But the US is hardly the innocent victim that it portraits itself to be. Well-known whistleblower Edward Snowden revealed that the US has actively been attacking Chinese infrastructure as well, in order to ‘prepare the battlefield’ for any potential physical conflict. They have admitted doing so, but claim that no intelligence from the large cyber intelligence gathering ‘driftnet’ known mostly by its moniker PRISM is fed to American enterprises for their commercial benefit. Whether that is true, of course, remains to be seen. After all, accusations of unfair commercial advantages through government espionage have been shown to contain some substance in the past.

 

Limiting cyber-attacks

In this regard, it is not surprising that it is the US calling for an agreement on limiting the cyber-attacks between the two nations. When taking the theft of intellectual property into account, the US simply has more to lose. It should also not be forgotten that not long ago China signed a treaty with Russia that, among other things, contained a pledge that they would not hack each other. This same treaty also further solidified their efforts to influence global internet governance, about which I commented in an earlier article, giving the US all the more reason to try to calm the waters with China.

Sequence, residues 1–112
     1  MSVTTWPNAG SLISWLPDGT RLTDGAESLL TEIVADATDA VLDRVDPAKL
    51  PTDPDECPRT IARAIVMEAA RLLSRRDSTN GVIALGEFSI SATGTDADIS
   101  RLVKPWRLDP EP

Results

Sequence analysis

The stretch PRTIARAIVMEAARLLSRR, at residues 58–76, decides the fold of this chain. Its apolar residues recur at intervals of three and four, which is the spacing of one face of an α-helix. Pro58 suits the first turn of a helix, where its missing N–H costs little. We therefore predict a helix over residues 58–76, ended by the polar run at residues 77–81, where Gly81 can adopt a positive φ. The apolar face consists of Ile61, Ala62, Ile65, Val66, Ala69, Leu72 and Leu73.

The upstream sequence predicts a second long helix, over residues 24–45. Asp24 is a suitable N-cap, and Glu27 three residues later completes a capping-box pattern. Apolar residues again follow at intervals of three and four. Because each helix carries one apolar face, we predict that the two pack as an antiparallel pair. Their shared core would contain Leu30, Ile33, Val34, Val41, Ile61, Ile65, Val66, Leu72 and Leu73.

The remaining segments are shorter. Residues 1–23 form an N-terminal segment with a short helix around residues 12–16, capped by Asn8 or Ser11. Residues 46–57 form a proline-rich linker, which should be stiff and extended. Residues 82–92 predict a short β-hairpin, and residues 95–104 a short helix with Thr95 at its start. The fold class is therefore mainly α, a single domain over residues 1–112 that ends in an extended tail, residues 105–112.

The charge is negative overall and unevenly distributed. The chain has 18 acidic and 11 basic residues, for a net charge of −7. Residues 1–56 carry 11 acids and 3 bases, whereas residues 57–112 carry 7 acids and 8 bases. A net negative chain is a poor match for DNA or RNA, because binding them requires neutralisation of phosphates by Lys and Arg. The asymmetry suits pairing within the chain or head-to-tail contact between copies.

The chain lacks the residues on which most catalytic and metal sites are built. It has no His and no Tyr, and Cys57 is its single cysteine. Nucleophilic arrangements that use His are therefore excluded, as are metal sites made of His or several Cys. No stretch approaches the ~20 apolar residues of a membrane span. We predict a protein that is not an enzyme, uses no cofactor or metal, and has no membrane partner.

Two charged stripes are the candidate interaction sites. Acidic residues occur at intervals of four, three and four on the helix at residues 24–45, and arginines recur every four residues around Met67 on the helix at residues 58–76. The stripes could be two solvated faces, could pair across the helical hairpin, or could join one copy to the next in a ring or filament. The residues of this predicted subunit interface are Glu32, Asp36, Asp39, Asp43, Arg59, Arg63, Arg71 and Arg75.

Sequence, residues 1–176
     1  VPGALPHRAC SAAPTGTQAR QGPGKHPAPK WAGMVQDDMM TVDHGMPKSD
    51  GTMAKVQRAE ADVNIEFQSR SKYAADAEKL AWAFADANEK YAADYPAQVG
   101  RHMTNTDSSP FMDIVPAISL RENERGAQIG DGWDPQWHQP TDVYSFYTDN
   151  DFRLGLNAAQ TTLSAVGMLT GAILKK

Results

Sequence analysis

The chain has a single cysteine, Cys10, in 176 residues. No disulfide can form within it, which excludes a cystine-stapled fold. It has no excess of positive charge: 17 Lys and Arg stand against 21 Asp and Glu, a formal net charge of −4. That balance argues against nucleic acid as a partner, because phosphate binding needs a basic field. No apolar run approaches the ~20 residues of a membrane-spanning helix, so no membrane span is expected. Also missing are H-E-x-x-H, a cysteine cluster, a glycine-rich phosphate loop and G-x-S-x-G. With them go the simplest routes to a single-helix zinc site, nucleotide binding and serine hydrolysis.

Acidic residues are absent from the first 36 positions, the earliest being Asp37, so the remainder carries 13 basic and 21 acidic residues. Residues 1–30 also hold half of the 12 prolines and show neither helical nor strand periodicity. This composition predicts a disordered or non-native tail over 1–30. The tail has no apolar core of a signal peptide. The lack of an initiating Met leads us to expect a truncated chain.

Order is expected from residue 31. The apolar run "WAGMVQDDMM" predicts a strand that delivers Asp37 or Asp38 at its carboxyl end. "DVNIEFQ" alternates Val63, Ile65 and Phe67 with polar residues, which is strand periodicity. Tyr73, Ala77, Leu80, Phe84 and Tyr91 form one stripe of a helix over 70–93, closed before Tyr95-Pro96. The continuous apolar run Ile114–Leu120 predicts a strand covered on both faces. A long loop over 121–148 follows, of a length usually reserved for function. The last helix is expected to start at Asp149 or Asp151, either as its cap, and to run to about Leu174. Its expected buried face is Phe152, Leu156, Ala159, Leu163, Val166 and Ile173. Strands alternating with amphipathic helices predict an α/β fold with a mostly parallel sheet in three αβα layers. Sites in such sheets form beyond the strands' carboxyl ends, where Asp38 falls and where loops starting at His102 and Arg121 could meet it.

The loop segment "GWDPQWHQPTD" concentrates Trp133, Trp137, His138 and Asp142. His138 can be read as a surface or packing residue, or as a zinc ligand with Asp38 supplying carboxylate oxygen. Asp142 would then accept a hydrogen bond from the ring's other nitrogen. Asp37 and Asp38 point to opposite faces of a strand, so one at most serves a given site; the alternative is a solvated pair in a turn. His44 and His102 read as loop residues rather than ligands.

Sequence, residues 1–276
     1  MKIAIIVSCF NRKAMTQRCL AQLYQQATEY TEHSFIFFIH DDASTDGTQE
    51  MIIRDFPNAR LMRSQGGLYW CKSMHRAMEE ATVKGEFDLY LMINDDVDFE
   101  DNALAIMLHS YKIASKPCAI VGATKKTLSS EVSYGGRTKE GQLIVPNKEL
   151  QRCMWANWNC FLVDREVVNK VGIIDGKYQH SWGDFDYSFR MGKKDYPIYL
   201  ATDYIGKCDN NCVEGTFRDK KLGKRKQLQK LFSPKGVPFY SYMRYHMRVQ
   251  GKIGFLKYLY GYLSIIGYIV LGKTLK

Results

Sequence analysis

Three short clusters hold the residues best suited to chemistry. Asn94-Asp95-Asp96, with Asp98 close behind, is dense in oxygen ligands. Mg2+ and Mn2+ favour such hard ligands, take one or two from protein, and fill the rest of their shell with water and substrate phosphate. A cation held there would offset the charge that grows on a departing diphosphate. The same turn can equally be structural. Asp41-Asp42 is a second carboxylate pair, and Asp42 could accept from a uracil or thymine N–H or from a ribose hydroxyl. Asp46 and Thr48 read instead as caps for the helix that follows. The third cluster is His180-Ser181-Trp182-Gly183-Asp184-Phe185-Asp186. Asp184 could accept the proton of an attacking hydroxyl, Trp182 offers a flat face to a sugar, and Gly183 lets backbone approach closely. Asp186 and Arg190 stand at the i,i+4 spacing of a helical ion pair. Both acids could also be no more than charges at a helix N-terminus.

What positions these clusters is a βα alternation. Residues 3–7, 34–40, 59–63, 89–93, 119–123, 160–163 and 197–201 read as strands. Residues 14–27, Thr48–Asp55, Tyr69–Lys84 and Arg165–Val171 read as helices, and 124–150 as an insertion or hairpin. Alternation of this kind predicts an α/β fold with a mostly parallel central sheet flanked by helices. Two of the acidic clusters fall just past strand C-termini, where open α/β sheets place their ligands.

So what does this treaty mean?

Of the four points covered under Cybersecurity, only the first two are points with some meat to it. As also mentioned in my previous article, the Chinese are very unlikely to sign any treaty on internet norms of behavior that include a reference to the UN’s definition on human rights. The entire bullet point might as well not have been there. It is window dressing and was probably only agreed upon because it shows a willingness to ‘get along’, whether real or imagined. The last point about the ‘cyber hotline’ doesn’t actually say a whole lot at all, so let’s move on to the more salient points.

It should be noted that the US is trying to stop the attacks against American businesses while trying to keep the option of ‘battlefield preparation’ on the table. This isn’t guesswork, its public record; just look atwhat American politicians are saying on the subject. In other words, both countries now seemingly agree that attacks on government networks are more-or-less allowed, but commercial enterprises are considered off-limits. In the unlikely event that both parties actually honor the agreement, this would be a clear win for the US.

 

An unlikely agreement

And that the agreement will be honored does seem very unlikely. For one, the Chinese government has never acknowledged that it has any involvement in cyber-attacks against commercial enterprises, and it is highly unlikely that they ever will. If those attacks would now suddenly cease, it would be a tacit admission that it had such control in the first place and put the lie to every official statement the Chinese government has ever issued on this topic. Another important factor is the simple question of “Cui Bono?”. Who benefits? The Chinese would lose a very effective method for national advancement in many areas, and the only cost thus far has been (relatively light) international criticism. They would gain nothing, whereas the US would gain a stopgap in the massive IP drain.